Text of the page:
That's cool on its own. But what makes it even more moving, for lack of a better word, is what it says about the universe. Venus is inhospitable in every sense. Heat, pressure, corrosive substances. Like the song says, if you can make it there, you can make it anywhere. Life on Venus, even microorganisms, sure seems to imply that it is likely to exist on some of the other billions of planets in just our galaxy.

Handy neighborhood map.

So while we're wallowing through 2020, it's nice to think that at least we might not be doing it alone.

Saturday, July 4, 2020

Happy America Day!

This is probably the weirdest 4th of July in my lifetime, but even so... hard to beat the Muppets.


Here's to everything being better, and more normal, next year. But still with Muppets.

Wednesday, March 18, 2020

Things are weird

I've said this, in different ways, to many people in recent days. And it's true: this is an unprecedentedly bizarre time.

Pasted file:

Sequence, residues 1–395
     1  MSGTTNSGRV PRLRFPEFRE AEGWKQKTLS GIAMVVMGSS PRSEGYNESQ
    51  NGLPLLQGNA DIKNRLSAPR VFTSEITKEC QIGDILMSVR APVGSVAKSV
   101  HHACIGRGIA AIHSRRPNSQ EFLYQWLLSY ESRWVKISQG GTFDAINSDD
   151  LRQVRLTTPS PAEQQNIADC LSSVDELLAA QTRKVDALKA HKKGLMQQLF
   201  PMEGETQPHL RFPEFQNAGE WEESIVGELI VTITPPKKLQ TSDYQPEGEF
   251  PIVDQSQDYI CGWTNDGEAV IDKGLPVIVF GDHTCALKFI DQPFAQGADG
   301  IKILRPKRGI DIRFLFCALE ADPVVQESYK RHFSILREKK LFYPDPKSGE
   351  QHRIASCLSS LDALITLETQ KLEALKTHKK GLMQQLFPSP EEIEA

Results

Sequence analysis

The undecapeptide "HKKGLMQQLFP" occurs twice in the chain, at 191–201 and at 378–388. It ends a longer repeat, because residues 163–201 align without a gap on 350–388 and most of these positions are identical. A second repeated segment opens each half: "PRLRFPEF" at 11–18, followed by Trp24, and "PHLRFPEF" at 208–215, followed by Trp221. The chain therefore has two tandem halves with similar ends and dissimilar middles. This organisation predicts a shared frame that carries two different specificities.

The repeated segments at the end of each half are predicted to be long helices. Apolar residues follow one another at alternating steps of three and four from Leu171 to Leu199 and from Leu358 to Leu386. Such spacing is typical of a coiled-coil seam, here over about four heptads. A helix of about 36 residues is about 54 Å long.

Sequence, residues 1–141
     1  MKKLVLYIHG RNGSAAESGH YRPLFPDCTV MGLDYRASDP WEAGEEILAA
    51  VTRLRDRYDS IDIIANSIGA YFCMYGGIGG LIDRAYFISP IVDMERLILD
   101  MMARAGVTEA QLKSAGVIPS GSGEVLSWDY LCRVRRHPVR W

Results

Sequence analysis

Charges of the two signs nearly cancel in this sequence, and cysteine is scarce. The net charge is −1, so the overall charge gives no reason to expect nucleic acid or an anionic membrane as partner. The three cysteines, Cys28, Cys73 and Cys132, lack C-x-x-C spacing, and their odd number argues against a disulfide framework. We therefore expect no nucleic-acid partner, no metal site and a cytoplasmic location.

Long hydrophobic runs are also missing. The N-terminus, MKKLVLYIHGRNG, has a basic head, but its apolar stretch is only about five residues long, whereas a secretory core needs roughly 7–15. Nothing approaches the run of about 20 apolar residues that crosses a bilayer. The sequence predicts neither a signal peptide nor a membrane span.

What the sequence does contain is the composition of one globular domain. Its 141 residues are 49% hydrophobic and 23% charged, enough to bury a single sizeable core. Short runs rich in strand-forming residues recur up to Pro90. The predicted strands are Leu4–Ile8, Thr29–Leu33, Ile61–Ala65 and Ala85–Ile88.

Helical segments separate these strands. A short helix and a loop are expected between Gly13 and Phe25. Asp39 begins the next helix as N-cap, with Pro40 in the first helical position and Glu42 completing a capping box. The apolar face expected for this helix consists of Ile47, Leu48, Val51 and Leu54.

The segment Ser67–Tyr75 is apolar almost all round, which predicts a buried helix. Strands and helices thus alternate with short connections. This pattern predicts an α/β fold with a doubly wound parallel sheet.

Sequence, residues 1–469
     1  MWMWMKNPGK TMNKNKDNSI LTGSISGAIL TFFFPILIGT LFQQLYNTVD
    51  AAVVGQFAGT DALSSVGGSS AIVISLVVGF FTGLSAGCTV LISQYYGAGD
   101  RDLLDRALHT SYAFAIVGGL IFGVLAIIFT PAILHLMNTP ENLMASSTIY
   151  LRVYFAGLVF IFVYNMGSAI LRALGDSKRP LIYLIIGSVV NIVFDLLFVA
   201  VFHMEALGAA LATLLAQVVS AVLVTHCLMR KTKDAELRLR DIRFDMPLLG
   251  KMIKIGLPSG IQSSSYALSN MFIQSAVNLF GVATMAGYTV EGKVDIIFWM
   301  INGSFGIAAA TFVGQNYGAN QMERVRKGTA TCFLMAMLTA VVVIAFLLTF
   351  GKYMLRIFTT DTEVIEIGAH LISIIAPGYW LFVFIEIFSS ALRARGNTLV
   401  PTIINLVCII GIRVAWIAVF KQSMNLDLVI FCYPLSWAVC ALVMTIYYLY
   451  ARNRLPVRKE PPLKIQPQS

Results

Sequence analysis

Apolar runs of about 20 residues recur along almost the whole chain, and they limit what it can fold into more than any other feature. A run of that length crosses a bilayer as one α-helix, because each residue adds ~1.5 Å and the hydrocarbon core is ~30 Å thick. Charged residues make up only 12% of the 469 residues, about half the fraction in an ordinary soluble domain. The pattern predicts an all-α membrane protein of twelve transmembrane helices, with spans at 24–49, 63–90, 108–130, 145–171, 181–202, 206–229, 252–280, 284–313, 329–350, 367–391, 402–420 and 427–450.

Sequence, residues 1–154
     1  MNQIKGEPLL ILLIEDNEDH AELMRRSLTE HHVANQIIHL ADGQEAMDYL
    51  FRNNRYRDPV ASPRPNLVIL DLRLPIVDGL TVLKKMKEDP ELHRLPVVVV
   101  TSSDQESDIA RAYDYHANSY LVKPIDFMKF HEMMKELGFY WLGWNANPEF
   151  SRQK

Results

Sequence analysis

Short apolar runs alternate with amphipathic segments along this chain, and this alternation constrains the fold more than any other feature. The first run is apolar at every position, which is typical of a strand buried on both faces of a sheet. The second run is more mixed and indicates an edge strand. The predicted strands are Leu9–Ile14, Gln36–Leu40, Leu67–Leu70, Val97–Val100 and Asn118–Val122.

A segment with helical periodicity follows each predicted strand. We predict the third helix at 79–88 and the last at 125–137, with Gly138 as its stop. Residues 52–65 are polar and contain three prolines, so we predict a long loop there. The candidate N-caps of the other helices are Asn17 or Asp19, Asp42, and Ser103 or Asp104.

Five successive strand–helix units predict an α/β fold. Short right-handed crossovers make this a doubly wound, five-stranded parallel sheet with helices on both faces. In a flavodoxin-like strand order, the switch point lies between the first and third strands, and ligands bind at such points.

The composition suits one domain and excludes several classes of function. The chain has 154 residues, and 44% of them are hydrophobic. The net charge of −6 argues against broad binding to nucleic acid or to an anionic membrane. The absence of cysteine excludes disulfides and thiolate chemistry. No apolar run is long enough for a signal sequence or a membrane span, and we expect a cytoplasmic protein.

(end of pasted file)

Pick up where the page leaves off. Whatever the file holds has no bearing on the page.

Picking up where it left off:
I'm watching most everything unfold from some distance, tucked away in Singapore, whose authoritarianism is problematic in every circumstance except, it seems, a viral pandemic. Things are mostly normal here! Very few masks, very few disruptions, very few cases of SARS-CoV-2. And that makes it even more bizarre to see everything unravel back home.

It's all so worrying. By now, enough scientists have studied the virus that they can confidently project its effects on the global population. There's nothing good about what they found. Doing nothing is catastrophic. Mitigation will still lead to great loss of life. Suppression will have wide-ranging societal and economic effects. No easy answers. You can read it here.